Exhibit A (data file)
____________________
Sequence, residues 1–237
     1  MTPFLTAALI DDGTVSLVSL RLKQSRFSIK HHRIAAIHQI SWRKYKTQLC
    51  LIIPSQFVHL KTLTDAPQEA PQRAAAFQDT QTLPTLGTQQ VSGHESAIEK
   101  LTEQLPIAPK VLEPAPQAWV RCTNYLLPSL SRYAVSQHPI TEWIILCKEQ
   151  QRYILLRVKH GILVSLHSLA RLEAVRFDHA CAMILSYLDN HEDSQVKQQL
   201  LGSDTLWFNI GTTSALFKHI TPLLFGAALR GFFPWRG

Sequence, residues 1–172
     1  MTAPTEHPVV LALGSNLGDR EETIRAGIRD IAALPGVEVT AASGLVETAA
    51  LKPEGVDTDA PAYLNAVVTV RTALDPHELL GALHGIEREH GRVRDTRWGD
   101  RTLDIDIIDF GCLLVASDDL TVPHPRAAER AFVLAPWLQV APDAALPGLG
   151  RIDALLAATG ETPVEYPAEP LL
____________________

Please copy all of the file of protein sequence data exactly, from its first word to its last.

Sequence, residues 1–237
     1  MTPFLTAALI DDGTVSLVSL RLKQSRFSIK HHRIAAIHQI SWRKYKTQLC
    51  LIIPSQFVHL KTLTDAPQEA PQRAAAFQDT QTLPTLGTQQ VSGHESAIEK
   101  LTEQLPIAPK VLEPAPQAWV RCTNYLLPSL SRYAVSQHPI TEWIILCKEQ
   151  QRYILLRVKH GILVSLHSLA RLEAVRFDHA CAMILSYLDN HEDSQVKQQL
   201  LGSDTLWFNI GTTSALFKHI TPLLFGAALR GFFPWRG

Sequence, residues 1–172
     1  MTAPTEHPVV LALGSNLGDR EETIRAGIRD IAALPGVEVT AASGLVETAA
    51  LKPEGVDTDA PAYLNAVVTV RTALDPHELL GALHGIEREH GRVRDTRWGD
   101  RTLDIDIIDF GCLLVASDDL TVPHPRAAER AFVLAPWLQV APDAALPGLG
   151  RIDALLAATG ETPVEYPAEP LL